Conducting exit interviews and issuing each child an “exit ticket” at the end of a ministry period is a great exercise for reinforcing Bible lessons and communicating with parents. Dr. Alyssa Barnes, an education faculty member at North Georgia College & State University, gave me the idea for creating daily exit tickets inside a children’s ministry setting. Barnes explained that by doing brief one-on-one interviews at the conclusion of small groups or VBS.
“Children leave with a refreshed memory of the day’s lesson. And by briefly documenting a child’s answers on an exit ticket, parents are able to continue the dialogue outside of class. For younger children or students with poor communication skills, parents especially appreciate the evidence of their child’s participation and spiritual development.”
For the past two years I have made exit interviews and exit tickets a part of my daily routine for VBS participants. Each day’s exit ticket shows the child’s answers for the following three questions:
- Today I learned about:
- Today I prayed about:
- Today my favorite thing was:
The bottom of the ticket then gives a one-sentence description for the day’s Bible story along with the scripture reference for the lesson and memory verse. This exercise was an immediate hit with the teachers, children, and parents .
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Why Exit Interviews Work
1. The Bible lesson was reinforced for every child.
The scripture and lesson take-away are repeated during the individual teacher-student conversations. Even more important, children are listening to their peers articulate what they learned, further helping the students absorb the day’s teaching.
2. The exit interviews provided a final class activity without preparing a craft.
Children become restless and prone to problems at the end of a period. For the last fifteen to twenty minutes of each day we allowed the children to engage in free-play while leaders conducted student interviews. The interviews added some class structure without requiring students’ focus or concentration. The children looked forward to their one-on-one teacher conversations while they honored our reminders for whispers as others were interviewing.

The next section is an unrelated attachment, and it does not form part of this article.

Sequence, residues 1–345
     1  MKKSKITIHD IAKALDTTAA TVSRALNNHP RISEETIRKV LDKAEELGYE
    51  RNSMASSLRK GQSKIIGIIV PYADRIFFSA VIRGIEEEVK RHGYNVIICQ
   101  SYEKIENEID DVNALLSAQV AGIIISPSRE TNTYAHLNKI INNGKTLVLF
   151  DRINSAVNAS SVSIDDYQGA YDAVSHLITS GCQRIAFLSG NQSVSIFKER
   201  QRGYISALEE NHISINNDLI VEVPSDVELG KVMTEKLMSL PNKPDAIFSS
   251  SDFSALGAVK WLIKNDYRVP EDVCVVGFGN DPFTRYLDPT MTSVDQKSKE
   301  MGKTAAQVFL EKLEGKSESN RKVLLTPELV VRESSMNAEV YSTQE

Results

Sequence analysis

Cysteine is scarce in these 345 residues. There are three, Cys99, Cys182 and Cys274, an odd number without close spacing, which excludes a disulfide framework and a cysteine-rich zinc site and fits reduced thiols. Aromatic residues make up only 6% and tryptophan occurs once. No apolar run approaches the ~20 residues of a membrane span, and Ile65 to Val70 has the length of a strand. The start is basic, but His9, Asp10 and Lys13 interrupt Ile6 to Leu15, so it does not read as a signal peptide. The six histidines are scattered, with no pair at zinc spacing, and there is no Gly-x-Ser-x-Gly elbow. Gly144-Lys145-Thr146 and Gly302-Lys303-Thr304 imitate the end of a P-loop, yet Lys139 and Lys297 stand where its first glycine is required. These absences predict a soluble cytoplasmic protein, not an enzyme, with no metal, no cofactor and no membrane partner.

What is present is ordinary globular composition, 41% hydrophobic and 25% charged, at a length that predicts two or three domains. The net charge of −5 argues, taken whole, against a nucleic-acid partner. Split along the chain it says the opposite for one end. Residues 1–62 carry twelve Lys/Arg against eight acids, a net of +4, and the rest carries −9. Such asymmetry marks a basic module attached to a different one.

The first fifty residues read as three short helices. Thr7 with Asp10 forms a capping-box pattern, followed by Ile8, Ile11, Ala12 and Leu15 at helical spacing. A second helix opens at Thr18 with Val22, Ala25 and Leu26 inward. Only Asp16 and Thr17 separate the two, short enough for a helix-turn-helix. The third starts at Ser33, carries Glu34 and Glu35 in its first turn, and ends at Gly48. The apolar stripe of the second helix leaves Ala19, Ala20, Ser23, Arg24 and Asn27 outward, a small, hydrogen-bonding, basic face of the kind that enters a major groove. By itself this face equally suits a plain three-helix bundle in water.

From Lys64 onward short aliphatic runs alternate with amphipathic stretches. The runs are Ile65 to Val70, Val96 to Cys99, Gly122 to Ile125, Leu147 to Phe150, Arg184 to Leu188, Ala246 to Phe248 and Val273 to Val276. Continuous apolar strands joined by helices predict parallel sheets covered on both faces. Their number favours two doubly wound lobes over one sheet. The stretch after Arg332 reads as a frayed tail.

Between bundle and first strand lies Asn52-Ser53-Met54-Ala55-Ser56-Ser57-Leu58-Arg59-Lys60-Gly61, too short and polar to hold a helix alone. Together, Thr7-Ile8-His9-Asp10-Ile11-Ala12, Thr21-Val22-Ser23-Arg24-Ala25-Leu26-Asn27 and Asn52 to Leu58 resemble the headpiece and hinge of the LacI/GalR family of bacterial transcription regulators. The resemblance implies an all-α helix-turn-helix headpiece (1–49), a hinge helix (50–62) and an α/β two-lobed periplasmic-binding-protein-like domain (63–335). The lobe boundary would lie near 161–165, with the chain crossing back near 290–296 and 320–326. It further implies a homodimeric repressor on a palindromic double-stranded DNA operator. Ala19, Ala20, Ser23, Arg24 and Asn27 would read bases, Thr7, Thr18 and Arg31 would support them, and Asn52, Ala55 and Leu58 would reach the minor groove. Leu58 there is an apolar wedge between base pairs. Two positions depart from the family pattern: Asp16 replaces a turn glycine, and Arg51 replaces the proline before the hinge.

3. Every child left the class with a favorite memory.
Even the ornery little boy who pushed the teachers to their limit could depart the ministry environment reflecting on a favorite thing (usually snack time!).
4. Teachers were provided a meaningful or anecdotal insight to share with parents.
Every parent loves to hear a compliment or cute comment about their child during pick-up. Repeatedly, insights from the exit interview provided such a remark for the dismissing teacher. Don’t underestimate the value of check-out conversations with parents, as they often provide an opportunity for the church to create connection with a visiting family.
5. For children with special needs the exit ticket is especially valuable and easily adaptable.
Two years ago my VBS room included a child with pervasive developmental disorder (PDD is an autism spectrum disorder). While high functioning, this student rarely offered verbal feedback or peer interaction. Without fail and every day, this child gave enthusiastic one-word answers to each interview question. He had, in fact, been listening! As a teacher, the exit interview with this child was incredibly meaningful and my evidence of success. More than once I shared a celebratory moment (sometimes teary-eyed) with this particular student’s mother during check-out.
For children who communicate through non-verbal means, Dr. Barnes recommends providing picture symbols to correspond with the day’s lesson and activities. Students are then enabled to select pictures as answers and affix them to their exit ticket.
Example Exit Ticket:
Day 2 Exit Ticket – Saddle Ridge Ranch VBS, FBC Cumming
Today at the ranch I learned about:
Today at the ranch I prayed about:
Today at the ranch my favorite thing was:
Today’s Bible story & Bible verse:
God Took Care of Joseph – Genesis 45: 1 – 28
1 Peter 5:7: “God cares for you.”